The retail real estate world in metropolitan Kansas City began its return from the wreckage of the Great Recession last year, but it’s still a bumpy road, and there may be more casualties in 2012.
That’s the word from Lane4 Property Group, which recently issued its 2012 Kansas City Retail Report, an around-the-horn review of retail development in the area. The respected development firm said it was hard to pin down when things began turning around last year, but life did return to the market, at least in most areas.
“The recovery may still be tenuous and inconsistent, but it is certainly a welcome improvement,” Lane4 reported.
Still, don’t expect much in the way of new retail development to occur, particularly around the outer edges of the area, and there are some shopping centers in nonprime locations that will probably face foreclosure in 2012. No names were mentioned.
“Many retail projects are still in precarious condition — especially those with developers that bet on continued residential growth in outlying areas or those that are not anchored by a top-tier retailer,” according to Lane4.
The underlying theme is that for quality retail developments in good locations, leasing is picking up nicely.
“The trend most identified last year, a flight to quality, is continuing apace,” Lane4 reported.
The Country Club Plaza, which got a black eye with its ill-fated foray into office development, did quite well when it focused on its core interests. Lane4 said the venerable shopping center had a “banner leasing year” attracting desirable retail tenants, including H&M, Michael Kors, Kate Spade and Sur la Table.
The restaurant scene on the Plaza was sizzling too, with new tenants including Seasons 52, Coal Vines and Gram & Dun. Lane4, which has its offices in the Plaza, also predicted a good year ahead.
Here’s a summary of the other area categories:
• Northwest Kansas City: Healthy and stable, with prospects for two large-format retailers opening in the Missouri 152 corridor this year.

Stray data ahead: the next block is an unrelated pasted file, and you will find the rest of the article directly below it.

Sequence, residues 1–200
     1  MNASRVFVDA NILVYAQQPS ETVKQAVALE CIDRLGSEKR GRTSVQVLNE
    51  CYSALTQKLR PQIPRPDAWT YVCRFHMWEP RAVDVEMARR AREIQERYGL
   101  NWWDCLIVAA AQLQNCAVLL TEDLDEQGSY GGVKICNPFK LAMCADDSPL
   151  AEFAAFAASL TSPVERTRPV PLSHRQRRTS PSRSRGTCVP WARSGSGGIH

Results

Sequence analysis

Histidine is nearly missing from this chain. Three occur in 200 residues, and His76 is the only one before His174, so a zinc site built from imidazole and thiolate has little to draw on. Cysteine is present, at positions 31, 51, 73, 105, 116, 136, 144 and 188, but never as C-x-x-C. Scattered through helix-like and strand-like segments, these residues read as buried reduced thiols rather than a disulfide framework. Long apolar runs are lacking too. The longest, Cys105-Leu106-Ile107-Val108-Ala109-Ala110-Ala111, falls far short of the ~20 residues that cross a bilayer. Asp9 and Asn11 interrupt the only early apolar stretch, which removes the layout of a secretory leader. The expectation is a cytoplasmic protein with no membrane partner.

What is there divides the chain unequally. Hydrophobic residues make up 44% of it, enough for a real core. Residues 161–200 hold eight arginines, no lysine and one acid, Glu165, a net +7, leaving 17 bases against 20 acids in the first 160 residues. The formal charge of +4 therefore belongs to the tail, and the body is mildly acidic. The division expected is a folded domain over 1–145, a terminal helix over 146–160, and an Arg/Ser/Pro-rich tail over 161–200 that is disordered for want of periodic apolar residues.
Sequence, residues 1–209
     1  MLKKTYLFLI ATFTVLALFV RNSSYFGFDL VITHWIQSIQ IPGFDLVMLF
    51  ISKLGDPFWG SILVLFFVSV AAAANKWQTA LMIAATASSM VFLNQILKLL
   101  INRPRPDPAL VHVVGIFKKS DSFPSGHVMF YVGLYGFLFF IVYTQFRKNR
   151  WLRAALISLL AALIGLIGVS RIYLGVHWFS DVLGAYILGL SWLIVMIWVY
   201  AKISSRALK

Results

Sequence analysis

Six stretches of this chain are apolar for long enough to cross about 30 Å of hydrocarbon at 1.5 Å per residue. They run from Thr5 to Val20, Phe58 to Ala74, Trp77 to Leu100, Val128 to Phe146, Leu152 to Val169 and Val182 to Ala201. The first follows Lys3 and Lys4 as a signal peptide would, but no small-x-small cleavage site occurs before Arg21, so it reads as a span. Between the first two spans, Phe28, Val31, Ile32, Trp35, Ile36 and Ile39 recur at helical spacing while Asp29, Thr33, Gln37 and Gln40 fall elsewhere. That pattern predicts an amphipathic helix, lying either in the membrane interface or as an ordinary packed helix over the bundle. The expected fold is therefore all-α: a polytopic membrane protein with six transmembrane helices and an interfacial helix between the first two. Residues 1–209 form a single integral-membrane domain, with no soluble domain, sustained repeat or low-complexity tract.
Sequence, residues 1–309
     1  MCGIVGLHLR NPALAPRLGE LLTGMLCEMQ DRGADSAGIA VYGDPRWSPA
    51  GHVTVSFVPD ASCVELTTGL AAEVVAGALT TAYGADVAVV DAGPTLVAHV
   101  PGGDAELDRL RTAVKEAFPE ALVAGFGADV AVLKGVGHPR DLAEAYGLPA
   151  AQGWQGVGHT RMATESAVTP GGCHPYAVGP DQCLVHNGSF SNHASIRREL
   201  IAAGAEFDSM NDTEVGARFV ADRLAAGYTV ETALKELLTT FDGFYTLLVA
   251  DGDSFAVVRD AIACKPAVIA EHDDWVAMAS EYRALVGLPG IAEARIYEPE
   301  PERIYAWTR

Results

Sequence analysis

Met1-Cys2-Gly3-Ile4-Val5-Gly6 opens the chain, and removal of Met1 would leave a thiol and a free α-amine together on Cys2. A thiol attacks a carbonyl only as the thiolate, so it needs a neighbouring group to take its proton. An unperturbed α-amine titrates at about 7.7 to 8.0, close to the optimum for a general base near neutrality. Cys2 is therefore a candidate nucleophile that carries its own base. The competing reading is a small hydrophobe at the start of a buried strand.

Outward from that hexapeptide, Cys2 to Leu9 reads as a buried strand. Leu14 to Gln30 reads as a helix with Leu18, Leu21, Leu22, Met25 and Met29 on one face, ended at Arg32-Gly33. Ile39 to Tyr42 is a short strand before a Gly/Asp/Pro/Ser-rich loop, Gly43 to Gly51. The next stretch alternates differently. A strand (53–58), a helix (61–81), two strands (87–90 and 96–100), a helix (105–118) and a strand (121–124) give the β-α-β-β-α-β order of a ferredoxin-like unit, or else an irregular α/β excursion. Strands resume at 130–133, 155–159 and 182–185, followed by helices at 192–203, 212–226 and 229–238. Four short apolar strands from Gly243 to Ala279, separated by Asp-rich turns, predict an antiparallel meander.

• Northeast Kansas City: One of the few areas with new development. Look for a large-format retailer near Interstate 35 and Missouri 152, and additional retailers coming to the Liberty Triangle.
• South Kansas City: Ward Parkway was boosted by landing Trader Joe’s. AMC is remodeling its movie complex. Look for a Marshalls HomeGoods at the center and new retailers to go up on the site of the demolished Dillard’s.
• Southeast trade area: Steady growth. Summit Fair reduced its vacancies, and a new grocery-anchored center will open in Belton.
• East Jackson County: Lots of relocations. The Independence Center mall continues to do well, and a major large-format retailer is expected next to the Bass Pro development.
• North Johnson County: Wal-Mart’s decision to locate in Mission Gateway jumpstarts development, and construction is under way at Mission Crossing. The former Circuit City center in Merriam may be redeveloped, and Oak Park Mall remains one of the area’s strongest retail hubs.
• South Johnson County: The bankrupt Corbin Park project at 135th Street and Metcalf Avenue was bought and renamed Aspen Square. The shopping area around 119th Street and Roe Avenue remains robust with leasing up at Park Place, and One Nineteen adds Trader Joe’s, Standard Style and other upscale tenants.
• Wyandotte County: Legends has financial struggles, but it completes its transformation to an outlet format with new tenants, including Polo and Saks Off 5th. Sam’s Club will open this year at the Plaza at the Speedway. Hollywood Casino opens next month, and the 39Rainbow retail development is going up near the University of Kansas Medical Center.
The report also listed taxable sales by county, with Johnson County leading the pack with $4.4 billion in sales through the first half of 2011, up 3.5 percent from the same period the previous year.
It was followed by Jackson County, $3.9 billion, up 1.7 percent; Clay, $1.2 billion, up 1.26 percent; Wyandotte, $874 million, up 3 percent; Platte, $673 million, up 1.7 percent; Douglas, $622 million, up 1.8 percent; Cass, $426 million, down 1.2 percent; Leavenworth, $247.8 million, up 2.2 percent; and Miami, $128.4 million, up 4.5 percent.
A few trends noted by Lane4 were the downsizing of what’s called the “big box” category of stores as Internet shopping continues to grow. Also on the Internet theme, retailers will need to provide more of a fun shopping experience and personalized service to compete as more and more shoppers go online.
Managers of retail developments also are going after other types of tenants to fill space, including restaurants, medical services, fitness clubs and educational users.
Lane4 concludes that this year will continue the slow and steady improvement of 2011.
“Deals may not be fun or lucrative, but at least they happen and will likely occur with more frequency,” the report said.